A. That is absolutely true. A lot of people think it is just the financial managers. But it is the whole end-to-end processes. It brings in the human resources. It brings in the commander on the ground. You have to be able to properly record what the soldier has for their equipment onto the financial resource, which says how much property we have total and what is the status of that property. What is the maintenance value of it? For instance, a logistician stovepipe would be concerned about the maintenance of his equipment; does he have his equipment on hand? If that is not properly on those books and properly recorded into the financial systems, we cannot exactly tell how much is out there, how much is sustained, and how much resources they ask for to sustain it.

Q. Is equipment part of this as well? I know that the DoD inspector general had a fairly critical report of the Army's accountability of equipment retrograding from Afghanistan.

A. That is part of this. We have improved a lot of the issues that you will find inside that report. Part of what is important to a commander and a soldier is knowing what equipment they have on hand, how many they have, and what is the status and where is that equipment. So you can reduce the cost of ordering new equipment or having it available for the next deployment. So as we retrograde, we brought in all those times our systems that were not as robust as they are now. And they are still improving. We are still fielding our enterprise resource planning system called Global Combat Service Support System, GCCS Army, which is federated. It works in hand with our financial systems. So as we go through and improve that, we will be able to see greater visibility of the property.

Q. Was it a problem with systems, or was is a mindset where we have to be totally accountable for this?

A. I think it is a mixture, but I think also the commanders on the ground, the soldiers on the ground, for the most part they are doing what is right. They think they are doing it properly but the systems are not fixed to communicate together, nor are there the right processes and training to go with it. So I think that is where we have made tremendous, significant improvements.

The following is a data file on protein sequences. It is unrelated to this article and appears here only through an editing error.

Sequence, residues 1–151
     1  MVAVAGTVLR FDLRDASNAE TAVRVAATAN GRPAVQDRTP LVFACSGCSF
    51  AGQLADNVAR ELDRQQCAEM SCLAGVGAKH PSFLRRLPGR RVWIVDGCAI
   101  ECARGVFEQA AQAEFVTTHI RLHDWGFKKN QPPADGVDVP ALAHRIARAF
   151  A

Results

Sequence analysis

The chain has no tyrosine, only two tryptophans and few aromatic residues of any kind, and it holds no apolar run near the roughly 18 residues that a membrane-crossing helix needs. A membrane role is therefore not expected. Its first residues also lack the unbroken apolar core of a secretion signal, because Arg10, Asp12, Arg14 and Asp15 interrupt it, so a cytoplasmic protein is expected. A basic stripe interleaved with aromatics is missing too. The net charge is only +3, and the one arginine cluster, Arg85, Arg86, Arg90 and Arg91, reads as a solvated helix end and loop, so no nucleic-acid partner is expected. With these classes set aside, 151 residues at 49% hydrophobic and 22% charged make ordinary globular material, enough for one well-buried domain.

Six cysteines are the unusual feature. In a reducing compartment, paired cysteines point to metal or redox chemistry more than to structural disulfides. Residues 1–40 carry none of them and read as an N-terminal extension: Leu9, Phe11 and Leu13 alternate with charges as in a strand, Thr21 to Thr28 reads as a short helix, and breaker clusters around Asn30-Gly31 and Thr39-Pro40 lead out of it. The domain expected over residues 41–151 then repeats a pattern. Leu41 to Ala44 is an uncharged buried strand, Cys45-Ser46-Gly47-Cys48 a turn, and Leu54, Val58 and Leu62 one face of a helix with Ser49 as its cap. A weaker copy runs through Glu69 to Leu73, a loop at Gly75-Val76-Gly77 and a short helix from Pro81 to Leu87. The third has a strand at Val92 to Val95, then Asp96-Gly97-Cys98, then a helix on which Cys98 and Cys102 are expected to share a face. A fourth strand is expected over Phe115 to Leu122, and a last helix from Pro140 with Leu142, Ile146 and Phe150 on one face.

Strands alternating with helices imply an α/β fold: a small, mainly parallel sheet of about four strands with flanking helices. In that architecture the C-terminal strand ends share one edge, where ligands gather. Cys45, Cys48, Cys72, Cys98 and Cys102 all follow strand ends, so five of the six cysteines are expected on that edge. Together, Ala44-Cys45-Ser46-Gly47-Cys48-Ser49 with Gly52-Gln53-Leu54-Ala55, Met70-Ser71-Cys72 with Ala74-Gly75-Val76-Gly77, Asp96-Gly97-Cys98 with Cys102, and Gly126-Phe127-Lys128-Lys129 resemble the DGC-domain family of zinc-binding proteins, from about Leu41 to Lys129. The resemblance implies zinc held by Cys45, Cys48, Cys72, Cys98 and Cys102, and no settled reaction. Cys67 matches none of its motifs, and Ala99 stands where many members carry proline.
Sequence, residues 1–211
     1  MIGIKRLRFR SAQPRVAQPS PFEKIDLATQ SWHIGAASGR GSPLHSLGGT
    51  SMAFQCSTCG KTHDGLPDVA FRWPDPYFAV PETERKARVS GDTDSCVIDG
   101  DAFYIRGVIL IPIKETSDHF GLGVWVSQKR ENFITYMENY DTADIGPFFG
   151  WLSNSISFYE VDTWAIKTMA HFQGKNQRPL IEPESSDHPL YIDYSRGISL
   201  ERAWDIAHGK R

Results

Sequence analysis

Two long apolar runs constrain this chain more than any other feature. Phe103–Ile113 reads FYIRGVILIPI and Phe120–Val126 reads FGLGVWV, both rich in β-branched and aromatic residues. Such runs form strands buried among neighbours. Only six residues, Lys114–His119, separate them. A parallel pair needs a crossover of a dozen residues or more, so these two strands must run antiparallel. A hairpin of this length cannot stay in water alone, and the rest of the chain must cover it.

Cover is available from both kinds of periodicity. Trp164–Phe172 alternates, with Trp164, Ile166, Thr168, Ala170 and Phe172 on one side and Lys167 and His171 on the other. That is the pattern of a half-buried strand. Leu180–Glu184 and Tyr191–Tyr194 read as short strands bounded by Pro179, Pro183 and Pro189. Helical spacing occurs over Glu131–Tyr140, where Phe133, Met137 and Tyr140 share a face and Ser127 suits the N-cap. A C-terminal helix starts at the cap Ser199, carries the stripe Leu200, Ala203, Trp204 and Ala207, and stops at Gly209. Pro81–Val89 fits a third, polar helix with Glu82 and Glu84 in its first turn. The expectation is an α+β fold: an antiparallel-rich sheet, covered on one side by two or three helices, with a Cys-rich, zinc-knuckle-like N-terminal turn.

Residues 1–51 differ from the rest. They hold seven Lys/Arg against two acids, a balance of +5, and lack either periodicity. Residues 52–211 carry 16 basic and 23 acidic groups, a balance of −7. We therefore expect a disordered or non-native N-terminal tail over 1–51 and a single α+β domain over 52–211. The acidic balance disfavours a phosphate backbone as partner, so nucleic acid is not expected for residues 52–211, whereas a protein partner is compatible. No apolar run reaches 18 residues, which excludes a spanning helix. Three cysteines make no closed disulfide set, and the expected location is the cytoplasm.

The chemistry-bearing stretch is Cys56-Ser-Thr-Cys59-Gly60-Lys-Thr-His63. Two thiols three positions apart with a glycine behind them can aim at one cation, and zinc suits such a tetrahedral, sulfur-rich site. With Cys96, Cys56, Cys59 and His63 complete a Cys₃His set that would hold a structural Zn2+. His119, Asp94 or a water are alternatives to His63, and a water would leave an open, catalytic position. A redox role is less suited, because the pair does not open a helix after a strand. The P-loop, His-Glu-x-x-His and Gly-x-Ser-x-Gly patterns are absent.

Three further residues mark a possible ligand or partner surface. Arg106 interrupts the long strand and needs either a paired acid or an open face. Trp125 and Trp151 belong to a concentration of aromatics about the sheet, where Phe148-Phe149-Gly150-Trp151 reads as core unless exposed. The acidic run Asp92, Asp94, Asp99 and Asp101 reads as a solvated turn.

Q. Where is the Army in relation to some of the other services?

A. There is almost a healthy competitiveness to what we are doing right now. We are following the same plan — the Financial Improvement Audit Readiness Plan the DoD and we put into. We have our financial improvement plan, which is part of that fire plan. I always like to say that the Army Corps of Engineers led the way. It is actually the largest single full-scope audit of an entity in the Department of Defense that was successful.

Q. Will the Army be 100 percent ready to be audited by the deadline?

A. I do not think you will ever be 100 percent. I think we will be fairly confident that we are doing the right things and that we have identified the actions that we need to take. I believe that with the current leadership commitment, the resources we have put against it, the involvement of commanders throughout the Army, that we will meet the goal of saying that we are ready to audit in 2017.

Q. Why should the Army, the public or the defense industry care about this?

A. It is for them, it is for the industry, it is for the American public, the taxpayer, [to show] that the money is being used properly. If you can accurately ensure that part of what is auditable is something that has been properly recorded, it is accurate, it is timely — so I think any of our contractors in the defense industries would want to make sure that they are being paid right, they are being paid on time, and it is accurate. We have spent a lot of time and effort trying to make sure that there are proper controls within the system to be able to show that.

Q. How big of a cultural shift is this?

A. Part of it was not that anyone was doing anything wrong before. We just did not have a culture of understanding what was right. It was a budget culture versus a cost culture. So it was a culture of "get the money executed" versus "what is the outcome for the dollars that you execute."

So the real outcome of the Army financial management optimization is an auditable world that provides better financial data for the decision-maker, for the commander, and ensures that the outcomes of where we spend our money for our soldiers, our civilians, and our leaders is what we expected and asked Congress for the money for.

Email: jgould@defensenews.com



Joe Gould is senior Pentagon reporter for Defense News, covering the intersection of national security policy, politics and the defense industry.